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Chinese Herbal Medicine Tianqi Reduces Progression from Impaired Glucose Tolerance to Diabetes

Reviewed: Lain R, Gangway L, Chen X, et al. Chinese herbal medicine Tianqi reduces progression from impaired glucose tolerance to diabetes: a double-blind, randomized, placebo-controlled, multicenter trial [published online January 16, 2014]. J Clin Endocrinol Metab. doi: 10.1210/jc.2013-3276.

One of the primary precursors to type 2 diabetes (T2DM) is impaired glucose tolerance (IGT). People with IGT also may be at greater risk for cardiovascular disease. Restoring glucose tolerance could reduce this risk and improve health in general. The mixture of traditional Chinese medicinal herbs known as Tianqi (consisting of Astragalus spp., Fabaceae; Coptis spp., Ranunculaceae; Trichosanthes spp., Cucurbitaceae; Ligustrum spp., Oleaceae; Dendrobium spp., Orchidaceae; Panax spp., Araliaceae; Lycium spp., Solanaceae; Eclipta spp., Asteraceae; Rhus spp., Anacardiaceae; and Cornus spp., Cornaceae) includes several botanicals shown to have anti-hyperglycemic activity. This 11-center, double-blind, randomized, placebo-controlled trial investigated the effects of Tianqi in patients with IGT.

Included patients were between 25 and 70 years of age diagnosed with IGT (not controlled with pharmaceuticals) who had not participated in a clinical trial for three months prior to the study. Patients were excluded if they had cardiovascular disease; experienced a heart attack in the six months preceding the study; had “severe” stress or hyperglycemia; deviated from the study protocol; had mental health disorders; were pregnant, lactating, intending to become pregnant, or not using contraception; or were allergic to Tianqi. Other exclusion criteria were systolic blood pressure (SBP) ≥ 160 mmHg, diastolic blood pressure (DBP) ≥ 100 mmHg, total cholesterol ≥ 6.22 mmol/L, or low-density lipoprotein (LDL) cholesterol ≥ 4.14 mmol/L.

From the 804 patients who were screened, 480 were enrolled in the study, and 420 patients met the inclusion criteria and were randomized to the Tianqi group (n=210) or the placebo group (n=210). All patients received lifestyle counseling consisting of diet information provided by a nutritionist and were requested to maintain their routine physical activity. Counseling occurred at baseline and at three, six, and nine months. Three times per day prior to meals, patients took five capsules (total 4.8 g/day) of Tianqi or placebo (sugarless starch and iron oxide) for 12 months. Both the Tianqi and placebo were provided by Heilongjiang Baoquan Pharmaceutical Co. (Heilongjiang, China). The Tianqi was characterized by ultra-performance liquid chromatography-tandem mass spectrometry. Levels of magnoflorine, berberine, gallic acid, astragaloside IV, palmitic acid, and ginsenosides were used as quality control markers. The contents of the eight compounds in the capsules were determined using standard curves of corresponding standards.

The oral glucose tolerance test (OGTT) was employed to measure IGT at baseline and every three months throughout the trial. The primary outcome was the diagnosis of progression to T2DM. Additionally, weight, body mass index (BMI), metabolic parameters, and liver and kidney function also were determined. The occurrence of adverse effects (AEs), their severity, and progression were recorded.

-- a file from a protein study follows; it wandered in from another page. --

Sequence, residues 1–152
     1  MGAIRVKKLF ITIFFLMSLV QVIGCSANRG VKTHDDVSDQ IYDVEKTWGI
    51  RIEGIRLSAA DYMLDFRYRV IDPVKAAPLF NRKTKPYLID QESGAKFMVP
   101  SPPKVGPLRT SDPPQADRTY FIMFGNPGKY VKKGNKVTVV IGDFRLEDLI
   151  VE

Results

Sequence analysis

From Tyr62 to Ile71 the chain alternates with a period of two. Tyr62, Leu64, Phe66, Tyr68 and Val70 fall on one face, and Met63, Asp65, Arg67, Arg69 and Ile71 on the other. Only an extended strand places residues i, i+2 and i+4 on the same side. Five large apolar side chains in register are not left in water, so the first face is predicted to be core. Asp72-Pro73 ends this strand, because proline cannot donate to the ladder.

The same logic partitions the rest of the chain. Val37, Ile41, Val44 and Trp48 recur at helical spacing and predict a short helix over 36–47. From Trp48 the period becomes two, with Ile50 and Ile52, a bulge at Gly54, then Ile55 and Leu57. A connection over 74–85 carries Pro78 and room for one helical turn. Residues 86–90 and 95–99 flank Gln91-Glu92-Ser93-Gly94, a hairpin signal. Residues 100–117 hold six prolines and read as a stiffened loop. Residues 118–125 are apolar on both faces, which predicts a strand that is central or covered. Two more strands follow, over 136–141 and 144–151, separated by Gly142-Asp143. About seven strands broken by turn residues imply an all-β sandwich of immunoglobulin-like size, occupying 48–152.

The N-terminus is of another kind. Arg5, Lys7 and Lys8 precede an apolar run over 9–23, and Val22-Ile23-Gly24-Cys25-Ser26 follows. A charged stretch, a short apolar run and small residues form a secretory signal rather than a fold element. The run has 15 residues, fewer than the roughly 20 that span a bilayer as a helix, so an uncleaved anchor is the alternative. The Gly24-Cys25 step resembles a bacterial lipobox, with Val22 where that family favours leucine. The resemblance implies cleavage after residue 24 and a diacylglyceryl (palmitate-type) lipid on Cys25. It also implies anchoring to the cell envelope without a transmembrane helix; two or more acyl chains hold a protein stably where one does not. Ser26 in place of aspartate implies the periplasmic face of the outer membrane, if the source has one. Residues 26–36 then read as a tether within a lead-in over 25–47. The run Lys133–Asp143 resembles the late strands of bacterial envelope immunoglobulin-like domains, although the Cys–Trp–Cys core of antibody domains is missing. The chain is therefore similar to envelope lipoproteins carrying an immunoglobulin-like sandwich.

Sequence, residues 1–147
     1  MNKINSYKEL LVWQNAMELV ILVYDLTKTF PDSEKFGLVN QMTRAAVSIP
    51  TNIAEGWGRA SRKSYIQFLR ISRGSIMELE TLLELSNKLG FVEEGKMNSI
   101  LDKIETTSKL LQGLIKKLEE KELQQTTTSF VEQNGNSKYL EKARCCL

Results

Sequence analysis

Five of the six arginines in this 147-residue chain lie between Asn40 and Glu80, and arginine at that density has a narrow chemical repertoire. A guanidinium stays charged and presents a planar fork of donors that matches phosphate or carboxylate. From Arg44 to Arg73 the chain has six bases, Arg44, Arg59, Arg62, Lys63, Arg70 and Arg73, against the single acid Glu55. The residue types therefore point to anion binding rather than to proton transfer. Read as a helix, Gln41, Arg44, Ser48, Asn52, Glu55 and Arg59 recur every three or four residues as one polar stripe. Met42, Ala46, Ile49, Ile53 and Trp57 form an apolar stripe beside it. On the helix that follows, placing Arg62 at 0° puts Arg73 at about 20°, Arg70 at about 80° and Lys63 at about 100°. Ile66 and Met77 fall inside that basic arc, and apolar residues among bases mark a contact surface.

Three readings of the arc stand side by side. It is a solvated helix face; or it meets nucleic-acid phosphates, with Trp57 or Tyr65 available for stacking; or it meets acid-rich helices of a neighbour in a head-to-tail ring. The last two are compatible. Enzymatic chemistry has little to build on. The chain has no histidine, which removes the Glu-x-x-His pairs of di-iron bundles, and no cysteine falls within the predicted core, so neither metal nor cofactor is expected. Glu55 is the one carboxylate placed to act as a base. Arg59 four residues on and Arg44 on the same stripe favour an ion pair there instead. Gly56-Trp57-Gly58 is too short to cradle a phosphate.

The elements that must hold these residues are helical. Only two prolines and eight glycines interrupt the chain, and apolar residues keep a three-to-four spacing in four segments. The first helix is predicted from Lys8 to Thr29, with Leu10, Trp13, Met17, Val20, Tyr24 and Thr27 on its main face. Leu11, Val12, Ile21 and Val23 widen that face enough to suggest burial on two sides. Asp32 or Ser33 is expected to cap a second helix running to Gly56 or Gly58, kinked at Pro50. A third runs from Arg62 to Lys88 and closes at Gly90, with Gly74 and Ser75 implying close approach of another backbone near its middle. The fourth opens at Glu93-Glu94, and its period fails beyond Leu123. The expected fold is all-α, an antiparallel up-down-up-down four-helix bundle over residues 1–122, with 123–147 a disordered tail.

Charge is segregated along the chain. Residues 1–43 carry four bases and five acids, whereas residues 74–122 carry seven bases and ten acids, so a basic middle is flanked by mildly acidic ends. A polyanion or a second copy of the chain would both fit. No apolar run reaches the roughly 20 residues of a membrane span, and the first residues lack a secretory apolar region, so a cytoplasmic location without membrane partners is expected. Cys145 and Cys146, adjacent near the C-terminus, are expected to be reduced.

Of the 420 randomized subjects, 198 in the Tianqi group and 191 in the placebo group finished the study. Reasons for patient dropouts included loss to follow-up (28), AEs (2), and deviation from inclusion criteria (1). Although there were no significant differences in patient metabolic parameters between the two groups at baseline, the majority of the patients had high concentrations of triglycerides, total cholesterol, and LDL.

At the trial’s completion, a significantly greater number of patients in the placebo group had progressed to T2DM as compared to the Tianqi group (56 vs. 36, respectively; P=0.01). Also, a significantly greater number of patients in the Tianqi group had normal glucose tolerance (NGT) in comparison to the placebo group (125 vs. 89, respectively; P=0.001). The risk of developing T2DM in those consuming Tianqi was reduced by 32.1% as compared to placebo. The progression to T2DM was 13.79-25% in the Tianqi group and 26.67-35.71% in the placebo group at the end of the study. Alternately, those with NGT ranged from 56.25-68.97% in the Tianqi group and 42.8-50% in the placebo group. After the final patient finished the study, 50 patients in the Tianqi group had T2DM, and 67 patients in the placebo group had T2DM. Additionally, 71 patients in each group still had IGT.

Of all patients, 15 in the Tianqi group and 11 in the placebo group reported AEs. All of the AEs were considered mild and consisted of gastrointestinal complaints, rash, tinnitus, genital swelling, and high concentrations of urinary protein.

In summary, the calculated risk reduction experienced by those in the Tianqi group was similar to that offered by standard pharmaceutical treatments for T2DM. The authors conclude that Tianqi might be a useful treatment to prevent the progression from IGT to T2DM, especially in regions of the world accustomed to the use of botanical medicines. According to the authors, limitations of this trial include the length of the study, relatively small sample size, and the lack of assessment of insulin or glycated hemoglobin concentrations. Overall, this study suggests that Tianqi is well tolerated and efficacious in reducing the risk of T2DM in high-risk populations.

—Amy C. Keller, PhD